The House on Mango Street by Sandra Cisneros | Chapters 25-28

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The 18 videos in this study guide playlist are a great way for students to get a breakdown of Sandra Cisneros’ The House on Mango Street. These videos break down each section of the book and provide a deep dive into the context, symbols, themes, and more. These videos will help students in their understanding of the complex characters and how they develop over the course of the text. Course Hero also provides free resources like study guides and infographics at the link below. For a list of Common Core State Standards addressed, see below.

Download the free study guide and infographic for The House on Mango Street by Sandra Cisneros here:

Common Core State Standards The House on Mango Street by Sandra Cisneros
Analyze how complex characters (e.g., those with multiple or conflicting motivations) develop over the course of a text, interact with other characters, and advance the plot or develop the theme.

Determine the meaning of words and phrases as they are used in the text, including figurative and connotative meanings; analyze the cumulative impact of specific word choices on meaning and tone (e.g., how the language evokes a sense of time and place; how it sets a formal or informal tone).

Sandra Cisneros's The House on Mango Street explained with chapter summaries in just a few minutes!

Course Hero Literature Instructor Russell Jaffe provides an in-depth summary and analysis of Chapters 25–28 of Sandra Cisneros's novel The House on Mango Street.

Download the free study guide and infographic for The House on Mango Street here:

Sandra Cisneros's poignant bildungsroman The House on Mango Street traces the evolution of teenaged Esperanza Cordero as she comes of age in a low-income urban neighborhood in the 1970s.

Esperanza and her friends wander the barrio, observing the lives of the men and women who inhabit it. She hopes to escape, motivated in part by her observations of the cloistered lives of the women, who spend their days indoors awaiting the return of their husbands.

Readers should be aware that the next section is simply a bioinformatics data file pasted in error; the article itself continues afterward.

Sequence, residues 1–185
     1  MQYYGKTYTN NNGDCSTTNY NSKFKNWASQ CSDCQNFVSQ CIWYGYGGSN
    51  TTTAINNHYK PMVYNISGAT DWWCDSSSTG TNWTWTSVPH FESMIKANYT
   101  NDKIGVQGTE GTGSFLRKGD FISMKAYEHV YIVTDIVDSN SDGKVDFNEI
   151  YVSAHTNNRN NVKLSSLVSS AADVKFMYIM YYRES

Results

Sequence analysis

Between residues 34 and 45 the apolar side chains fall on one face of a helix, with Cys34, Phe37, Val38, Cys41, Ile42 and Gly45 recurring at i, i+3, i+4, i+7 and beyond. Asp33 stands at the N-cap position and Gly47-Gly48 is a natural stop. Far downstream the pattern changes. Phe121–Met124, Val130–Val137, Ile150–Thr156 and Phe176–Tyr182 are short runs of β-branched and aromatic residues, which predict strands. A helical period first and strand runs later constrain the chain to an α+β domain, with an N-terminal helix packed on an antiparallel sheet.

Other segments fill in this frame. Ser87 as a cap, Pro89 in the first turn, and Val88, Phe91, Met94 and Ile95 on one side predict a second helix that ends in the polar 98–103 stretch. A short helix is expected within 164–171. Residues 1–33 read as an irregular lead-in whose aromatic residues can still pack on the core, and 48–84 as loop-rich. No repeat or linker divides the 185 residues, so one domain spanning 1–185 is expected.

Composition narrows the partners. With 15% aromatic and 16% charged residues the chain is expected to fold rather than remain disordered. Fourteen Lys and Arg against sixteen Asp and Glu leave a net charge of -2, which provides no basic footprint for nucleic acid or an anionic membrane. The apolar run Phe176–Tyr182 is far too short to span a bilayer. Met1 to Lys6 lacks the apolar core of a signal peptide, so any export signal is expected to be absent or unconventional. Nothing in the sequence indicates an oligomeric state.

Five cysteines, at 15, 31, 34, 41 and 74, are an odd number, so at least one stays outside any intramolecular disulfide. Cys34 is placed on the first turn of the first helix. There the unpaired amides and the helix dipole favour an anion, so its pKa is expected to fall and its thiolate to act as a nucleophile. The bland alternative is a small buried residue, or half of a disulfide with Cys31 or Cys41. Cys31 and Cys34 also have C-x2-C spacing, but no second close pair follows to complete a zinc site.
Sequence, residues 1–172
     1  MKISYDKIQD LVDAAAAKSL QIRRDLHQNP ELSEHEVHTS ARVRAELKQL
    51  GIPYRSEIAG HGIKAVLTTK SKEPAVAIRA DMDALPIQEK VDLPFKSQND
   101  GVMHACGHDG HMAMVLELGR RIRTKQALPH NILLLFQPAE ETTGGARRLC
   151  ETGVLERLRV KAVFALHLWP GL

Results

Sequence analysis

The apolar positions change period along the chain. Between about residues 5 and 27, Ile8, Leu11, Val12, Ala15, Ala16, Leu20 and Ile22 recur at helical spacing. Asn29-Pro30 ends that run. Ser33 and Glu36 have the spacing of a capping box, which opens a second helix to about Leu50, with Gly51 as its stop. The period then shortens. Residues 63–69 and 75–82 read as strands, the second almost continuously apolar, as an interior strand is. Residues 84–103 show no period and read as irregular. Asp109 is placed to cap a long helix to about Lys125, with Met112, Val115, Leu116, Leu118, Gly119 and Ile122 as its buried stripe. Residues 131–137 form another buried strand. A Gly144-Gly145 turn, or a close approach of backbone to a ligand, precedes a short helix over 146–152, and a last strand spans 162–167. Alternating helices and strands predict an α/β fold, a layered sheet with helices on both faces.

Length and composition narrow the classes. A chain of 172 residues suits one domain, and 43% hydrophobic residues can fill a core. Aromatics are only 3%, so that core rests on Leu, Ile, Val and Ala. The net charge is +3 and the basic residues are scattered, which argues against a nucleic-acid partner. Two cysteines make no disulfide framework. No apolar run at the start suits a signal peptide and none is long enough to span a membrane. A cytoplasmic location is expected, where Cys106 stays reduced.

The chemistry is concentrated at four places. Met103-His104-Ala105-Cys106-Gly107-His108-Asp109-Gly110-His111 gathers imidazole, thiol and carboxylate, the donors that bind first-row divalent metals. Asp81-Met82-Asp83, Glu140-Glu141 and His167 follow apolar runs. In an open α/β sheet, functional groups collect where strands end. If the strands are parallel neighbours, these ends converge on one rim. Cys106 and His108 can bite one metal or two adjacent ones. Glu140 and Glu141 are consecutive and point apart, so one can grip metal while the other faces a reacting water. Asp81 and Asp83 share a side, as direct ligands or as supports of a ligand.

Falling in with a popular girl at her school, she is ultimately traumatized when she is raped at a carnival. Nonetheless, she perseveres and redoubles her resolve to leave her straitened circumstances.

However, Esperanza stays on Mango Street—eventually realizing home is who she is, not where she is.

A testament to the resilience of immigrant communities, the novel has gained a significant following and is considered a classic of Latino American literature.

Sandra Cisneros’s The House on Mango Street was first published in 1984. American by birth and Chicana by heritage, Cisneros is considered a leading voice in Latino and feminist literature. Cisneros’s varied body of work—which includes poetry, novels, and essays—explores the lives of working-class Latinas navigating dual cultures.

The novel The House on Mango Street contains many enduring themes, including identity, as Esperanza struggles to determine whether she wants to remain a child or become an adult; the lives of women, as the women are expected to aspire only to marriage and motherhood; and sexual awakening, as the thrill of attraction is tempered by cultural fear and disapproval of female sexuality.

Explore Course Hero’s collection of free literature study guides, Q&A pairs, and infographics here:

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